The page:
Microsoft Windows 8 Tablets: iTunes, skinnable Metro, virtualization, Kinect, and other Questions
Having followed the numerous articles regarding the Microsoft Surface Tablet, I could certainly see the potential for the admittedly sexy device. Almost immediately, a few thoughts popped into my head about possible uses for the Windows 8 tablet.
Windows 8 and iTunes on a Tablet
If the Windows 8 tablet is a fully-featured operating system, this means that users can install Apple iTunes.
Now, we all know Apps from the Apple iStore are only compatible with iOS but what I'm talking about are the free podcasts, the MP3s, and the videos. If you have an iPod Touch then you would have access to all these and more (and even if you didn't, you can still access the content on iTunes anyway). The Windows 8 Surface will have a USB port according to the specifications on the Microsoft Surface site, which would mean connecting a Touch wouldn't be out of the question. Although there are many users out there who abhor iTunes, there is little doubt that the idea of a Windows 8 tablet playing iTunes content is a pretty strong argument - a Windows device with Apple multimedia.
Microsoft's own online store may not profit from this but I'm sure Microsoft wouldn't completely say "no" against consumers buying a Windows 8 tablet but getting their content elsewhere. The question in the end is, will Apple prevent Windows 8 tablets from running iTunes? Considering that Apple Macbooks advertise support for Windows Operating Systems, I think there's no reason the Surface Tablet should advertise iTunes support as well.
Ever since Windows 2000, there have been plenty of developers who have worked on skinning the default Windows desktop. Windows 7, with its slick interface, didn't receive as much attention, but considering the divided opinion towards Windows Metro, developers will have a field day releasing various utilities to modify the colourful UI that has alienated so many users. Considering that there are a ton of users out there who are experts at fiddling around with the Windows registry, I wouldn't be surprised if Windows 8 tablets will be hacked as much as Kinect. I've had an iPod Touch for less than a year and I change my wallpaper every day just to keep myself from getting annoyed with how it looks.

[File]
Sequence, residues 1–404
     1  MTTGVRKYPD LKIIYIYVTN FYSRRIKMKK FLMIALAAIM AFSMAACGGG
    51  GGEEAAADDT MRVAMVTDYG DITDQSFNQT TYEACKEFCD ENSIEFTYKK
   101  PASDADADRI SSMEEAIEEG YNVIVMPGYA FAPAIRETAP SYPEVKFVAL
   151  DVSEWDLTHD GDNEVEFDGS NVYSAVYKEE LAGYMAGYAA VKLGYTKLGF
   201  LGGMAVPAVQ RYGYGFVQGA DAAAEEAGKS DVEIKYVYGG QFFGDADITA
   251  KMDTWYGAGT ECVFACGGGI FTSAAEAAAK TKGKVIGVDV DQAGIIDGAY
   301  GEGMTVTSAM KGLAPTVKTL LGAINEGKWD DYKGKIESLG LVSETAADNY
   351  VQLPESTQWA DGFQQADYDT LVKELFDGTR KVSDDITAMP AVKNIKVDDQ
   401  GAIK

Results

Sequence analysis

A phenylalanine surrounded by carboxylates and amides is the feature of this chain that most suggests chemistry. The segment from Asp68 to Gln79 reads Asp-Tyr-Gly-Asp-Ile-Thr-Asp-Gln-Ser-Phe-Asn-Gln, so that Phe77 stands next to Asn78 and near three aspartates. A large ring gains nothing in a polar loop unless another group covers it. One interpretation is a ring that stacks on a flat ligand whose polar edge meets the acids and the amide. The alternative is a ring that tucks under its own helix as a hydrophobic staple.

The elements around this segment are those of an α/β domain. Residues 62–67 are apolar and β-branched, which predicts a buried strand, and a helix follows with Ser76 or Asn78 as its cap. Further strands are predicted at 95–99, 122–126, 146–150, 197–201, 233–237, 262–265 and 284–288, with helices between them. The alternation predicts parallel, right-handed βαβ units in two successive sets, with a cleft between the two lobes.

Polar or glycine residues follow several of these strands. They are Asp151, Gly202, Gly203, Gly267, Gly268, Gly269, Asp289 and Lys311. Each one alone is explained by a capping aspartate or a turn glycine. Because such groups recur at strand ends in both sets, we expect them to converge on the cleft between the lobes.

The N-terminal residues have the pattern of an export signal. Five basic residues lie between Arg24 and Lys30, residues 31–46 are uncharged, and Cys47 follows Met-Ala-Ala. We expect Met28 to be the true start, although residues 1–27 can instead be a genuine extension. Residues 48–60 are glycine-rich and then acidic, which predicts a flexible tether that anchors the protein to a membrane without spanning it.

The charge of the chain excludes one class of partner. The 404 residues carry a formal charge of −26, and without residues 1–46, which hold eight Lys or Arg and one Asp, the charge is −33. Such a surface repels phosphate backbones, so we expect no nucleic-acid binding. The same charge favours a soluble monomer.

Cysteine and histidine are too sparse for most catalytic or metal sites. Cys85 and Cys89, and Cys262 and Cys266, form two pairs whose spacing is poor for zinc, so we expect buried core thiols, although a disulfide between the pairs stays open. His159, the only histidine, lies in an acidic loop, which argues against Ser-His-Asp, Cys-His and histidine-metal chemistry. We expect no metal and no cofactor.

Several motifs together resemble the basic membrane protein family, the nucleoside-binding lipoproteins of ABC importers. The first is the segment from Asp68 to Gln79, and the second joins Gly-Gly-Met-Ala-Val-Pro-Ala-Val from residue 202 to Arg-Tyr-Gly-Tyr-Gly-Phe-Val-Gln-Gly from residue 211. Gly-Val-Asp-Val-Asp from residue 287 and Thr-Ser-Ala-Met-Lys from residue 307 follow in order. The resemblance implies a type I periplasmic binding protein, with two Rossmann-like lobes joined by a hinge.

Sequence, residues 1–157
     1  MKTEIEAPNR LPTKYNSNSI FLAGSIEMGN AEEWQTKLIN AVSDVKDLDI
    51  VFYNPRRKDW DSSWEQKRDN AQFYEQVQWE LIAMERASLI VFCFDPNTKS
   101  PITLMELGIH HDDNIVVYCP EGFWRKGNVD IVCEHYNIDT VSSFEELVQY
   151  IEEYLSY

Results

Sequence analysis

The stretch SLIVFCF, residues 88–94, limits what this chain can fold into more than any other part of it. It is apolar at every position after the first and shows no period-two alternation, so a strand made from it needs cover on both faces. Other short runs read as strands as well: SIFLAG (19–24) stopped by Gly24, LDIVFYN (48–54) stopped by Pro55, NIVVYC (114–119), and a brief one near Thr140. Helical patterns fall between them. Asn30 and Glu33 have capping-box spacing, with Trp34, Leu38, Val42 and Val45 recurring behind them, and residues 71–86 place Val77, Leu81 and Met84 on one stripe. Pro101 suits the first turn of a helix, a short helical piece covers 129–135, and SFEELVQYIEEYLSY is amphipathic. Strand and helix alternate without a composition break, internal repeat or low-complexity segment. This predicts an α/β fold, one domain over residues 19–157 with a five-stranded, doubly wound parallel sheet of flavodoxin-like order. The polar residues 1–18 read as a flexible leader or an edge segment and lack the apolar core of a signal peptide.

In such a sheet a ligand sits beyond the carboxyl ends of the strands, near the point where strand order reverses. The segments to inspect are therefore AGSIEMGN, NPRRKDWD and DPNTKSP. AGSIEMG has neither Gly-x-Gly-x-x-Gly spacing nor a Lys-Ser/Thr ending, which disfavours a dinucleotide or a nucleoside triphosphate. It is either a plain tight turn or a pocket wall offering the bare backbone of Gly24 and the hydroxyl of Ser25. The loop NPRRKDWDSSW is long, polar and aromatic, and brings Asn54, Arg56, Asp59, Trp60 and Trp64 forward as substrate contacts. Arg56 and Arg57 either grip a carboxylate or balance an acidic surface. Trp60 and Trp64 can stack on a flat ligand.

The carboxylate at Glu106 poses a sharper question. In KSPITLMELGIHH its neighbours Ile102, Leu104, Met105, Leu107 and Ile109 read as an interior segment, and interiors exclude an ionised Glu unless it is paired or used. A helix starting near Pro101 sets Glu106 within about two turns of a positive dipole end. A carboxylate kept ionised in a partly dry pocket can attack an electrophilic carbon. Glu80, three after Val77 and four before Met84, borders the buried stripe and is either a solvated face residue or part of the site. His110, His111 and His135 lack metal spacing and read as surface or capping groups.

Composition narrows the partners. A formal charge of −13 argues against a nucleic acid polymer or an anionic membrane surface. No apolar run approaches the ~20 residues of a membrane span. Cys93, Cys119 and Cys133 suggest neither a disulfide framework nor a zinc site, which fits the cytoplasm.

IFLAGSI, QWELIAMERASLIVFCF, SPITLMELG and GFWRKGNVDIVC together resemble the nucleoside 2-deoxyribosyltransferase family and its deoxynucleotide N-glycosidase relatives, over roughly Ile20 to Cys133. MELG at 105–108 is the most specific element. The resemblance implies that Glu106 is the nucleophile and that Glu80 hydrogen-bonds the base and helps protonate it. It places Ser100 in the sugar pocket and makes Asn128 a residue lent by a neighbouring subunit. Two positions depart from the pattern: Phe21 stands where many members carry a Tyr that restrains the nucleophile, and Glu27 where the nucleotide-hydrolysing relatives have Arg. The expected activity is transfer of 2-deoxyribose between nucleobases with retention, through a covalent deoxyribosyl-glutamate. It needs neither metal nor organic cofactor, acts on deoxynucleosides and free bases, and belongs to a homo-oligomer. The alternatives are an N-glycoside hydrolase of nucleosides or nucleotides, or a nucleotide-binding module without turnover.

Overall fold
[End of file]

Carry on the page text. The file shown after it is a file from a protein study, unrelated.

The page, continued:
Although many sources are against the idea of Microsoft providing a full-OS to a tablet (an argument I myself wonder about), a high-end tablet with plenty of RAM and an Ivy Bridge processor can possibly run virtual machines. The brilliant folks over at VirtualBox and VMWare probably have a solution to this already. I certainly wouldn't mind switching back and forth between Fedora and Windows 8 while toting a tablet.
Microsoft Kinect and Xbox 360 Interoperability
Contrary to popular belief, Microsoft does create pretty good hardware. Zune HD was an exceptional device and no one can disagree that Xbox 360 has a market out there, with some players proudly declaring it's superior to the Sony PS3. With the right technology and software in place, the Microsoft Surface tablets can be a great accessory for the Xbox 360 and Kinect. The possibilities for applying a touchscreen device in conjunction with a well-designed XBOX 360 game are endless.
Barnes & Noble Nook and Surface
Personally, I was disappointed Microsoft didn't go for a more low-end device that focused on Microsoft's relationship with Barnes & Noble. Still, I would understand why Microsoft hit high rather than low. Although I'm partial to Android tablets, I hope Microsoft has an ace up its sleeve and pull out a device that upgrades the Nook's user experience while providing Windows 8's functionality. Nook/Surface Tablet for $175.00 sounds good to me.
One of the more compelling reasons why a Windows 8 tablet might actually sell is because of the potential for modifications and "hacks". Unlike Mac OSX, Windows has historically been a target for homemade hacks and customizations. It's too tempting not to especially since Windows 8 probably didn't stray very far from Windows 7. Microsoft Kinect's underground success as a flexible piece of hardware that goes beyond its original design is proof of this. The Microsoft Kin was poorly conceived but the Surface tablet seems like a well-thought out product that could fit in both the Xbox 360 ecosystem and the huge Windows user base out there. It's up to Microsoft to follow through and implement their technology well to avoid another failed hardware product.